In the winter of 1952, two World War II-era tanker ships faced catastrophe during a horrific nor’easter off the coast of Massachusetts. The ships, the SS Pendleton and SS Fort Mercer, split in two within hours of each other in frigid cold and monstrous waves, leaving their crew members with just hours to live before the ships went down.
The daring rescue of those mariners is the subject of a forthcoming Disney movie, “The Finest Hours.” The first trailer for the film was released last week, underscoring the bravery of the Coast Guardsmen involved in the Feb. 18, 1952, recovery. The movie stars Chris Pine, Ben Foster and Eric Bana, and will be released next winter.
The film will likely center heavily around the effort to save mariners aboard the 503-foot Pendleton, which is considered the greatest small-boat rescue in the sea service’s history. Four men — coxswain Bernard C. Webber and his crew Andrew J. Fitzgerald, Richard P. Livese and Ervin E. Mask — would later receive the rare Gold Lifesaving Medal, the service’s highest decoration for heroism during a rescue operation.
The rescue effort for the Fort Mercer, traveling from Louisiana to Maine, was nearly as fantastic. William R. Kiely Jr. earned the Gold Lifesaving Medal for his actions, guiding a small surfboat from the CGC Yakutat to the bow of the Fort Mercer in heavy seas. The small craft slammed against the Fort Mercer’s hull at one point, but Kiely and his crew were able to recover two survivors before returning to the Yakutat while taking on water. Other ships were involved in rescuing other Fort Mercer crew members.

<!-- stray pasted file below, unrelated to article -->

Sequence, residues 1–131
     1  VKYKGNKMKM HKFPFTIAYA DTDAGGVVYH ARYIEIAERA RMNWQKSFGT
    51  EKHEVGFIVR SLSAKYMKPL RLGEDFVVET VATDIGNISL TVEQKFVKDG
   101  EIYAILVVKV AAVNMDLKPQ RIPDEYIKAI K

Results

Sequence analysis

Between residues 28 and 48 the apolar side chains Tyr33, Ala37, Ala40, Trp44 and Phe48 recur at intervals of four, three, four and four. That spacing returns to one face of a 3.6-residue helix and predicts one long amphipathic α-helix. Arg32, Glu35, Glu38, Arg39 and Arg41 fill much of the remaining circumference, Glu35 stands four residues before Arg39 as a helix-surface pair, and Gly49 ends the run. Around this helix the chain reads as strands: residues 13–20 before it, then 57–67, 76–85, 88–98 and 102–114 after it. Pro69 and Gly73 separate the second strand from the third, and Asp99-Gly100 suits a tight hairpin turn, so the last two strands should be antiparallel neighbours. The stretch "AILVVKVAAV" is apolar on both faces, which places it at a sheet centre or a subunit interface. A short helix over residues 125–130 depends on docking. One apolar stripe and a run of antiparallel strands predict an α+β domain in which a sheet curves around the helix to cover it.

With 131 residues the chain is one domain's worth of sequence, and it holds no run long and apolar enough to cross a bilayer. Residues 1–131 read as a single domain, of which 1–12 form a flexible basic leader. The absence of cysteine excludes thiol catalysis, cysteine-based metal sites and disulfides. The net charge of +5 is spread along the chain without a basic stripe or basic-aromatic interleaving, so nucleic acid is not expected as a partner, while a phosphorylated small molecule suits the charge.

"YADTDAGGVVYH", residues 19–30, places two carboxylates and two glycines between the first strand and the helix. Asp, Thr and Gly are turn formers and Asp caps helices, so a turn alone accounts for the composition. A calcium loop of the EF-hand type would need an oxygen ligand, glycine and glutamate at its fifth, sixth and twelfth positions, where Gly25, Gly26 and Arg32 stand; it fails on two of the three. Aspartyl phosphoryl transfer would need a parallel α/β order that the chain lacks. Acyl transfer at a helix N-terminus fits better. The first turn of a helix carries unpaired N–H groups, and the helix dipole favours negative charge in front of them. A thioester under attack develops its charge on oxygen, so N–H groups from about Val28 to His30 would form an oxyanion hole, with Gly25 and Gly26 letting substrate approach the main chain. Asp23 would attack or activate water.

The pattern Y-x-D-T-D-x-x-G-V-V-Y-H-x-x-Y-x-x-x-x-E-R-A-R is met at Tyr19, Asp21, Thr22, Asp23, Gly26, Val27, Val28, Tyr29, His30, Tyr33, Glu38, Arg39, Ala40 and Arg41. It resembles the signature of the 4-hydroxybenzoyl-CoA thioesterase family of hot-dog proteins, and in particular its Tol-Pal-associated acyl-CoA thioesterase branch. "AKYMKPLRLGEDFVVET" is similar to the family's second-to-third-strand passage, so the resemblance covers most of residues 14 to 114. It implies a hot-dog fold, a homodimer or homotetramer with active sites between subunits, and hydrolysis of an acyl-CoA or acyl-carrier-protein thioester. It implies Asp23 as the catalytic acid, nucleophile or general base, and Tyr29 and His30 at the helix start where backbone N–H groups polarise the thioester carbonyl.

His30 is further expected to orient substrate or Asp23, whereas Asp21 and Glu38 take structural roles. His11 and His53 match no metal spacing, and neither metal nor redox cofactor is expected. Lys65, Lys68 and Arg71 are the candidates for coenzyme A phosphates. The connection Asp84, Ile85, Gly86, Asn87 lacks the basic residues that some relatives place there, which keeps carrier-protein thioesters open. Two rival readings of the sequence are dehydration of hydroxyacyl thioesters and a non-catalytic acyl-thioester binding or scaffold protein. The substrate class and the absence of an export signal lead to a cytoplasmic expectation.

According to one 2001 account published in Proceedings magazine, the Pendleton burst apart with a series of explosive cracking noises in the early hours of the morning while traveling from New Orleans to Boston. The captain and seven men in the bow of the ship at the time were left without power, and wouldn’t make it out alive.
The stern of the Pendleton, carrying 33 men, had a bit more hope. But it still faced extreme peril. Whipped by the wind and angry seas, it drifted closer to shore, but toward a sandbar near the Cape Cod port of Chatham that could have wrecked the rest of the ship and spelled disaster for the men inside.
The four Coast Guardsmen launched their 36-foot wooden motor life boat without any certainty they’d make it back alive. They maneuvered the craft around the treacherous Chatham Bar, and then out to the remnants of the Pendleton. There things took a turn for the worse.
“As the CG-36500 crossed the bar, the boat was smashed by a mountain of a wave and thrown high in the air. The boat landed on its side between waves,” the 2001 account said. “The self-righting boat recovered quickly and was smote again, this time tons of seawater crashed over the boat breaking its windshield and flattening coxswain Webber.”
The wall of water took out the boat’s compass, but the crew continued on toward the Pendleton in driving snow. In violent, rolling seas, the Pendleton crew descended down a rope ladder and into the Coast Guard boat. The small craft wasn’t built to handle so many people, but Bernard, the group’s leader, refused to turn anyone away.
Only one man — George “Tiny” Myers — didn’t make it away alive. He was smashed between the Coast Guard craft and the Pendleton after falling from the rope ladder into the sea.
The movie is based on a 2009 book by the same name. The lone surviving member of the Coast Guard crew, Fitzgerald, watched as portions of the film were recorded in a ship yard in Quincy, Mass., just south of Boston.
“I’ve never forgotten it,” Fitzgerald, told the Boston Globe in 2014 while on the set for the film. “I can remember it like it was yesterday.”
Between the two doomed tanker ships, 70 men were saved.